SPIJKENISSE, Netherlands – A metro train driver in the Netherlands avoided disaster early Monday after the elevated train he was running overran its track but landed on the tail of a whale sculpture at the station.
The incident took place at the De Akkers metro station in Spijkenisse, where a tail of the aptly named sculpture — “Saved by the Whale’s Tail” — prevented the front carriage of the train from plunging 33 feet to the ground, according to The Washington Post.
The driver was able to escape the car unharmed. No one else was on the train at the time of the crash.
The architect who created the sculpture, Maarten Struijs, expressed surprise that the plastic tail was able to hold the train’s weight. Struijs worked for decades for the Rotterdam Municipal Works, designing a number of the agency’s metro stations.
“It has been there for almost 20 years and then you actually expect the plastic to disintegrate a bit, but that is apparently not the case,” Struijs told Dutch broadcaster NOS.
In an interview with Algemeen Dagblad, Struijs said the train sitting on top of the sculpture looked like a work of art itself.
“There are two tails. If the metro had hit that other tail, I think it would have fallen through,” Struijs said. “Of course, it looks poetic, but it is really a stroke of luck that the train is carried by the tail.”
Gary Wolf, an expert on train derailments, told Popular Mechanics that the lack of passengers on the train likely helped to save it from falling.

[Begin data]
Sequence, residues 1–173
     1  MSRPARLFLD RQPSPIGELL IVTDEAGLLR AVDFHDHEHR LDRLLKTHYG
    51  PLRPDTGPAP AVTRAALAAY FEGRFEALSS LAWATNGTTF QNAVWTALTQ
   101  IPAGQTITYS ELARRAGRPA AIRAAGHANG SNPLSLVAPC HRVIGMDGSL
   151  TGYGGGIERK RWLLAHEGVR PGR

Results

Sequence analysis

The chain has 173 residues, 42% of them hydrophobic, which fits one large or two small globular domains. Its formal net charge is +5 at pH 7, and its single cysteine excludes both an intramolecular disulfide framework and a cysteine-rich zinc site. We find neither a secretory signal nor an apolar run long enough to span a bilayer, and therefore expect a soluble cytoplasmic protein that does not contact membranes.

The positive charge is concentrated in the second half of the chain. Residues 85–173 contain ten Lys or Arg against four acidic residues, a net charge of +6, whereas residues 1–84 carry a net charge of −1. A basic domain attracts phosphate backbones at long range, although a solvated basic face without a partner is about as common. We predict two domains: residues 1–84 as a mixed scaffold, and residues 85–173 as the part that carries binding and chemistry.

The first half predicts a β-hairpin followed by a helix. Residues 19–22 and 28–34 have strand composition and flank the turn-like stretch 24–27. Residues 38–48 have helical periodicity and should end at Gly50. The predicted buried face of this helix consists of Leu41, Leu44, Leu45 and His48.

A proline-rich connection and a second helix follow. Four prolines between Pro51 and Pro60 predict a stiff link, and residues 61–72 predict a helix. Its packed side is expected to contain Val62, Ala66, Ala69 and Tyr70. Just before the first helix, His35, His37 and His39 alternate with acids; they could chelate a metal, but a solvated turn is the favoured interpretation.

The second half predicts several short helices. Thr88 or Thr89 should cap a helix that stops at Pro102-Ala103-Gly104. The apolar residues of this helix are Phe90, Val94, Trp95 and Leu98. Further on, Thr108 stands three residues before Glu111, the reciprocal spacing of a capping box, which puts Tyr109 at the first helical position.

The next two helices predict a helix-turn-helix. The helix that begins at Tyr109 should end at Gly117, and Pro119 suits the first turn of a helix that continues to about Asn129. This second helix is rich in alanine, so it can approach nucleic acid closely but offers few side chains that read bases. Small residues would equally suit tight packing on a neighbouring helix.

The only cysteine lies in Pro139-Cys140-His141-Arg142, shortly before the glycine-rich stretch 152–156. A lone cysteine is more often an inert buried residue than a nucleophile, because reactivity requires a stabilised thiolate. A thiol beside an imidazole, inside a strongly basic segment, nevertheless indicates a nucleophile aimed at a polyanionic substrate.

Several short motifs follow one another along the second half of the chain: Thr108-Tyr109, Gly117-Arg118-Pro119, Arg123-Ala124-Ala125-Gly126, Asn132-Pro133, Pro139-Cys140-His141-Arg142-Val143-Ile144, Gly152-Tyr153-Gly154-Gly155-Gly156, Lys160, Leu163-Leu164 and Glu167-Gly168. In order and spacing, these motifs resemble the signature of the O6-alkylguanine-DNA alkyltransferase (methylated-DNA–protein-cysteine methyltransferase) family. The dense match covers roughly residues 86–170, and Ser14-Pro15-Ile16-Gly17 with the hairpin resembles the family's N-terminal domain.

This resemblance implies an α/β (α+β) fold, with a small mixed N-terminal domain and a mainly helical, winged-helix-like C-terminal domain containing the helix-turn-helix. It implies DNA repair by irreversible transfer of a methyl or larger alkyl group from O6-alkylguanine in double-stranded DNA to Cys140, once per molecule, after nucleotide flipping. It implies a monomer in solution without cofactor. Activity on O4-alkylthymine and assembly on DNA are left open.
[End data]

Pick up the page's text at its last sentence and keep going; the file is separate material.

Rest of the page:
“If more people had been on the train — roughly 200 pounds per person, times 40 people is a couple more tons — it could have crushed the tail,” Wolf told the magazine.
The carriage was also still attached to the rest of the train, which Wolf said kept it aloft.
“The cars are articulated, meaning they have a physical connection between them, so the second car provided a downward holding force on the other car,” Wolf said. “Otherwise it would have gone straight down rather than extending out horizontally toward the tail. Gravity would have pulled it down immediately into the sculpture.”
Workers using cranes moved the train car to the ground on Tuesday in an operation that lasted all day and into the night, according to The Associated Press. More than two dozen onlookers cheered as the car was safely moved.
The driver was questioned and released, according to Dutch authorities. Investigators are trying to determine what caused the crash.